" but if you want to talk about effectiveness its a different story"
I think that RS at this point is philosophically opposed to the idea of "effectiveness", in that they are pessimistic that any particular set of actions can topple the system. At most, they seek to destabilize it. And I have seen stuff from around their circles about sabotaging infrastructure, and I think even non-anti-civ anarchists regularly do things like that. I guess, if I were to think in their place for a second, the idea that action can end civilization is akin to the old Eugene Debbs (I believe it was him) quip which states that if Moses can lead people into the Promised Land, he can lead them out of it. Or if humans did have the ability to topple civilization, it would stand to reason that they have the power to reform it. The point is there is no agency, at least none that matters from a strategic viewpoint anyway. That's at least what I get out of my reading of them. It's a mixture of destabilizing mixed with old fashioned "anti-social" behavior and vengeance. I also probably don't need to state here that doing these sorts of actions in Mexico has all sorts of pros and cons: the pro being that the state is barely competent that if you play your cards right you probably won't get caught (as their recent alleged placing of bombs at a university and Ford dealership seem to indicate). The con of course is that if you get caught, there are no solidarity campaigns, at least not really effective ones. There's a good possibility that you just disappear. I think the fact that RS has slipped through the cracks so far probably just indicates how weak the Mexican state really is.
Incendiary attack against the Telmex Cellphone Tower
April 17th, 2015
The “Until Your Death or Mine” Faction lit a cellphone tower on fire on the Mexico-Toluca Highway around the area of Atizapán, in the State of México. We tore through the barbed wire fence and the gate that “protected” the antenna, and we put an incendiary device with a homemade timer on the electric cables. From afar we observed that the object caught fire and lit up the night, and the fire spread to the antenna, burning it and vandalizing that property of the accursed company Telmex.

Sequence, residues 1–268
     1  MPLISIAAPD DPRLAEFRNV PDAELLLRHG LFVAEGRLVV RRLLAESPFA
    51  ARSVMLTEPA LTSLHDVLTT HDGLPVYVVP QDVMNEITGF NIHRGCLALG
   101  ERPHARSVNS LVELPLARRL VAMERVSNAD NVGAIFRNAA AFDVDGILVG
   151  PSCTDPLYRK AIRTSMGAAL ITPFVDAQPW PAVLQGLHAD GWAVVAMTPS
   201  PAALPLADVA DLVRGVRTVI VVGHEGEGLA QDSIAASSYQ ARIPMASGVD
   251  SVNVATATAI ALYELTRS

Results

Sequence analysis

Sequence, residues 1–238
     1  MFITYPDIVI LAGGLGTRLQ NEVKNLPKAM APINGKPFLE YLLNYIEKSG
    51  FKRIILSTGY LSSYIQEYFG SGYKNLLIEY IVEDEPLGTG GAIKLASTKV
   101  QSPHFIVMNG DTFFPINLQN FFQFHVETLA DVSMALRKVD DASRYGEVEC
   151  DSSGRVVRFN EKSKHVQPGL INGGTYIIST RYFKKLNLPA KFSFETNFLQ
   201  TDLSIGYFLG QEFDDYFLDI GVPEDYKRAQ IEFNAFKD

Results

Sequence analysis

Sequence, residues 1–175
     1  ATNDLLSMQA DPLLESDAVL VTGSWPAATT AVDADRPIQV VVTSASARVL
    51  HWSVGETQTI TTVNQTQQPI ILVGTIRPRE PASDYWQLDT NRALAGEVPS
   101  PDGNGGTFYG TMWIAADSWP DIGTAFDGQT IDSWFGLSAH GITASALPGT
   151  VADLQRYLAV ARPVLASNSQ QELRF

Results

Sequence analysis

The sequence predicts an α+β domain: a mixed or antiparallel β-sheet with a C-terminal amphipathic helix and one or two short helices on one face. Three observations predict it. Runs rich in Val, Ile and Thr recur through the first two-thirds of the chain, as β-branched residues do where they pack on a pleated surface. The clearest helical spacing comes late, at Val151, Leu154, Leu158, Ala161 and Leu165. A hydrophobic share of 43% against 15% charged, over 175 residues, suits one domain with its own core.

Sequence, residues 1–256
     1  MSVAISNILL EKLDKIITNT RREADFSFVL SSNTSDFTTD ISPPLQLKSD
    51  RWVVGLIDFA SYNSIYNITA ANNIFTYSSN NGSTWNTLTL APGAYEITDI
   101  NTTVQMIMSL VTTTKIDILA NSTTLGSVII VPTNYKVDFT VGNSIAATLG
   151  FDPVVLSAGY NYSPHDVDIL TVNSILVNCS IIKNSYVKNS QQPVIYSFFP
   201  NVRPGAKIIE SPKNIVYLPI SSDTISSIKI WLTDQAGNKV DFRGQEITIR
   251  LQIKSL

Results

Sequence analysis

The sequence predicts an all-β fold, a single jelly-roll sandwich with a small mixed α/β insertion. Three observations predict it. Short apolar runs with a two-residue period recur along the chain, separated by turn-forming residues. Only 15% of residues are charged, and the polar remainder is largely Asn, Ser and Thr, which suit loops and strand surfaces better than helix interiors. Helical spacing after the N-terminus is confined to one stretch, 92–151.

The antenna was made inoperable, and in this manner we proceed with our series of actions as previously stated: all that is and symbolizes civilization, progress, technology, artificiality, and science will be attacked using any means necessary.
Wild nature claims its own: the hill cut open by that highway, the trees cut down for the construction of those high tension and communications antennas, the human and non-human animals pushed to abandon their habitats for the sake of the pestilent spread of civilization. All that progress has not respected and does not respect cries out for vengeance. Our ancestors have possessed our minds, now the flame of war belongs to us. Resistance to all that is other!